Kingdom Continuity

I’ve made it no secret that I have issues with the way that both dispensationalists and covenant theologians approach the scriptures.  My last post probably had CT scratching their heads wondering if I had even read the epistles which state that there is only one covenant people of God.  There is only one people of God, but this doesn’t override the nature of the Messianic Kingdom.  God has a plan to redeem this earth and it involves the establishment of a Messianic Kingdom here on earth which lasts for 1000 years, but will ultimately last forever and ever.  The one people of God are all spiritual children of Abraham (not Israel) who was a pagan Gentile who lived by faith, Galatians 3:7-9.  In Abraham’s seed, all nations will be blessed as Abraham has become the father of many nations, Romans 4:16-18.  Do you see the need for multi-nationalism for that promise to be fulfilled?  Abraham was not an Israelite, he was pre-Israel.  The induction of Gentiles into the kingdom in the new testament did not negate the existence of nations, but affirmed our Creator’s love for all nations.


This post will probably run against the dispensationalist way of thinking.  Dispensationalists tend to divide the scriptures into neat little categories.  They believe that there are certain time periods which are of different dispensations.  They tend to draw lines putting everything on one side of the line in one dispensation and everything on the other side in another dispensation.  Reading things in context is a great way to study the Bible.  But, the problem I have is that the Bible is one continuous story.  So my lens that I’m looking through as I write this post is the lens of continuity which runs contrary to mainstream dispensationalism.  I will say that Progressive Dispensationalism has reconciled many of the inconsistencies, so many PD will probably enjoy this post.  To borrow a word from CT, this post will have the meta-narrative theme woven throughout.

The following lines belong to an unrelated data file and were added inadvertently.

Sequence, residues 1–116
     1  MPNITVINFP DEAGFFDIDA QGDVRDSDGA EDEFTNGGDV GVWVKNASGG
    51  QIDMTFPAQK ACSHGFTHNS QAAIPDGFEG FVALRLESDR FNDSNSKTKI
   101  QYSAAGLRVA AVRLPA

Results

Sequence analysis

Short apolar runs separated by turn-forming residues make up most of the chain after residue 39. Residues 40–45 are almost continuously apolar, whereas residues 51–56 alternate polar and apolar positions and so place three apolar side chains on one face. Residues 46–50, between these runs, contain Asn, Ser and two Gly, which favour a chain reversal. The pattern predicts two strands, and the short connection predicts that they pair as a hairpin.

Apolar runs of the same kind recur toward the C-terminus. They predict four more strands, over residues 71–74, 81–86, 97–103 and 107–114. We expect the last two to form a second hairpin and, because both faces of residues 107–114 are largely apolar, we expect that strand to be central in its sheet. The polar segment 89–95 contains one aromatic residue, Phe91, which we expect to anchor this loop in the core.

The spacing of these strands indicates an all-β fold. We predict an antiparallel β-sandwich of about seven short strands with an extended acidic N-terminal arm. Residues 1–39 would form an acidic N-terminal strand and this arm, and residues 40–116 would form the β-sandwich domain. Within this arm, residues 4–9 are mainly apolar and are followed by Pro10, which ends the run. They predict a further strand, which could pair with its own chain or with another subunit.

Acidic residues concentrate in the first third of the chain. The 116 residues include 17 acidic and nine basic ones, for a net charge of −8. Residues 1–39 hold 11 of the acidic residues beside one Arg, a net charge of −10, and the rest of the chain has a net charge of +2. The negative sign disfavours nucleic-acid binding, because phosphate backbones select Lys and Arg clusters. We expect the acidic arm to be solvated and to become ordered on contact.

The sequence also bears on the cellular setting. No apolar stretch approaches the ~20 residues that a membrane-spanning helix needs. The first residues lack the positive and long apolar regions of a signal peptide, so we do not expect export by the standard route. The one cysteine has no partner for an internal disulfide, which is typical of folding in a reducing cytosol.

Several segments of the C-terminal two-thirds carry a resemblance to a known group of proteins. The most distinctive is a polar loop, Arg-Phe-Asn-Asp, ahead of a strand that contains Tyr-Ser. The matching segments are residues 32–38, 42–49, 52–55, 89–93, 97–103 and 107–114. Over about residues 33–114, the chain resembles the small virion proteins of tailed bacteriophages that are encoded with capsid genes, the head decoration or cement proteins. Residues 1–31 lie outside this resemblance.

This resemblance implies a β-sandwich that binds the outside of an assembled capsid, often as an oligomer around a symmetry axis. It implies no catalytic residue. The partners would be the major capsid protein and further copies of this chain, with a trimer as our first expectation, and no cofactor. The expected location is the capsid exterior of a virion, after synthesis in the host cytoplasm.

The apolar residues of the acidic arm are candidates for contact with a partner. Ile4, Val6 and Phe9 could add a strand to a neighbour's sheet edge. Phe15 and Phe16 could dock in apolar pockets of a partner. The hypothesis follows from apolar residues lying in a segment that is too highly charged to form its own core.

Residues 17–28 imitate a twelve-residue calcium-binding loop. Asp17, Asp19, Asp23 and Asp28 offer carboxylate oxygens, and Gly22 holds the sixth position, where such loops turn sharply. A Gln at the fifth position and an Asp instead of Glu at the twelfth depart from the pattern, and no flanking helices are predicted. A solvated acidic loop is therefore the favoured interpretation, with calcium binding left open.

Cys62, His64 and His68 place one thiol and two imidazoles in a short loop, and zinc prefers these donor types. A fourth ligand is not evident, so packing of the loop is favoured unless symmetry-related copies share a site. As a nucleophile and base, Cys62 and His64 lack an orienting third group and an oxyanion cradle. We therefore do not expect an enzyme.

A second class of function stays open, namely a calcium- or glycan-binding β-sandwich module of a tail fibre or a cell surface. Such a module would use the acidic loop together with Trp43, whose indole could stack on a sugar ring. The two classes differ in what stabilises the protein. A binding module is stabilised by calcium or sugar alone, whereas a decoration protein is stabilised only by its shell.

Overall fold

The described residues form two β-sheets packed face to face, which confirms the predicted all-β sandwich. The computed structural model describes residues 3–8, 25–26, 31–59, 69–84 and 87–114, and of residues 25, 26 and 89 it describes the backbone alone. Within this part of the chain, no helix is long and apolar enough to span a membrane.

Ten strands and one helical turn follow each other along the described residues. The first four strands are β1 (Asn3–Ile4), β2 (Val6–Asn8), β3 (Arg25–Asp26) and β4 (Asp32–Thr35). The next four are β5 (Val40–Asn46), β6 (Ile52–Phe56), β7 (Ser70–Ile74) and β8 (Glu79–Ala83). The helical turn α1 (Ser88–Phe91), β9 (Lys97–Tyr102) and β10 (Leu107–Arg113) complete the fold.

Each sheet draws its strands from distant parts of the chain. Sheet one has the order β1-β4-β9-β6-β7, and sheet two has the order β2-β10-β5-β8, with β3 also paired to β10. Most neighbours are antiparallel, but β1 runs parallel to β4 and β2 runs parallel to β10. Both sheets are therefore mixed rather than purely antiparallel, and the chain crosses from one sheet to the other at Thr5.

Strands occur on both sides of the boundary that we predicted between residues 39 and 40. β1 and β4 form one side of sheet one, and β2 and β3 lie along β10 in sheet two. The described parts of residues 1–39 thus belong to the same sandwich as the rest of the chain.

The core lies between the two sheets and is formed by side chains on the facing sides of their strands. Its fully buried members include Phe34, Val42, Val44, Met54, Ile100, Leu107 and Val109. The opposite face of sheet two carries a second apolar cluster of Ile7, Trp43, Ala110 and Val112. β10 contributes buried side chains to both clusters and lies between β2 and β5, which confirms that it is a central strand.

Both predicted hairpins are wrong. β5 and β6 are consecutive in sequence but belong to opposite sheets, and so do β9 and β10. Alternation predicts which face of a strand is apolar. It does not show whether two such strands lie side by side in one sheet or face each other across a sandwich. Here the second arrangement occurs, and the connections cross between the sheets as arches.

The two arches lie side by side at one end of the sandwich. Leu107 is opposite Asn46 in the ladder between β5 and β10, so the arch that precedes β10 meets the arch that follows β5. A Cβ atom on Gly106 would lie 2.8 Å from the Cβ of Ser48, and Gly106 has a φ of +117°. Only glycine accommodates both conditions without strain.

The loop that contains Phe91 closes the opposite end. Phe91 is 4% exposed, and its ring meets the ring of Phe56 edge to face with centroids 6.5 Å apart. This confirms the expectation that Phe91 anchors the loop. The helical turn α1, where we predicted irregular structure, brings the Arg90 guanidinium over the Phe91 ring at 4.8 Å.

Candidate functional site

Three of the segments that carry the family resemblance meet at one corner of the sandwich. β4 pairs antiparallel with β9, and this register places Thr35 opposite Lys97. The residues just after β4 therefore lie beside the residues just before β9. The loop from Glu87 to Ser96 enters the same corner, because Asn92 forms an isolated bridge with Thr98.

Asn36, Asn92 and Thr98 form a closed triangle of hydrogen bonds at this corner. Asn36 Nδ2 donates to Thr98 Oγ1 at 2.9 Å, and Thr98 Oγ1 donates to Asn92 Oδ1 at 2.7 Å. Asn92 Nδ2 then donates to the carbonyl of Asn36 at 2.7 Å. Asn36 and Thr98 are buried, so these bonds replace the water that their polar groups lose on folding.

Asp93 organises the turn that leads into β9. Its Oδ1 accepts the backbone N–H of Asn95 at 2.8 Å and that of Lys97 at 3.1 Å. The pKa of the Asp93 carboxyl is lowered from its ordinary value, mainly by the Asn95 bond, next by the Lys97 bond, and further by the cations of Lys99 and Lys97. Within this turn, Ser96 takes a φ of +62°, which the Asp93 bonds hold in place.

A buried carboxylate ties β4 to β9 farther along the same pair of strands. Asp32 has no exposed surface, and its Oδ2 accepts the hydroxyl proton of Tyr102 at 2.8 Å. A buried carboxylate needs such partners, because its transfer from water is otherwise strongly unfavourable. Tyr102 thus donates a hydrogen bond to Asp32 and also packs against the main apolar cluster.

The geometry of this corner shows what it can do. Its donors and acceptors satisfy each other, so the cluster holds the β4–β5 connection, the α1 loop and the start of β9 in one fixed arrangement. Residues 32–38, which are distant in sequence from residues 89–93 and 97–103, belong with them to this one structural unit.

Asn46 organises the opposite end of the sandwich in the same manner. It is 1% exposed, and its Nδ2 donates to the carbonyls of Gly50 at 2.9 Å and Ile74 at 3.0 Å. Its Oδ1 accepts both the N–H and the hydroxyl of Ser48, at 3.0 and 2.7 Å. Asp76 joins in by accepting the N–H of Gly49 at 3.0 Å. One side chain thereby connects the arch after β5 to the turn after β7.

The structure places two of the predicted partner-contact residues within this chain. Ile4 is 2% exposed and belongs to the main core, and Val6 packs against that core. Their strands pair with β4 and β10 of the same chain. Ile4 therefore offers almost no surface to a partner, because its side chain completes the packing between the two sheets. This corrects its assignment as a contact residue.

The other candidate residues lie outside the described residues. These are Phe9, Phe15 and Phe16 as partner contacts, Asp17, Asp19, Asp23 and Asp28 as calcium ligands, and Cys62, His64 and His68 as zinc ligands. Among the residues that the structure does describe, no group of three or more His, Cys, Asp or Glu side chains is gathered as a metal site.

There is continuity between the Messianic Kingdom as the psalms proclaim and the Kingdom of God as Jesus proclaimed.


When John the Baptist and then Jesus came preaching the Kingdom of God as being at hand, this was not some new teaching just pulled out of thin air.  They quoted OT principles which related to the Messianic Kingdom as proclaimed in the psalms.  Jesus presented the example of what life in the Messianic Kingdom would be like, Matthew 10:7-8.  Demons would be powerless.  Sickness would be cured, (see Isaiah 35:5-6 which is in a Messianic Kingdom passage.)  The dead would come to life.  There would always be enough to eat.  Enemies would begin to love each other.  There would be unlimited forgiveness.  Instead of not committing adultery, in the kingdom no one even looks at another with lust in their heart.  What a kingdom!


When John the Baptist spoke of judgement, Matthew 3:1-12, Luke 3:3-20, he prophesied as the last OT prophet, Luke 16:16.  He culminated the prophecies of all the law and prophets pronouncing the ultimate judgement upon anyone who rejected the One concerning whom he preached, Jesus.  The axe at the root of the trees, the purging of the threshingfloor, and the fire unquenchable, these powerful metaphors served to prompt Israel to repent in light of the coming Messianic judgement.  All this was embodied in the phrase, “Repent, for the kingdom of God is at hand.”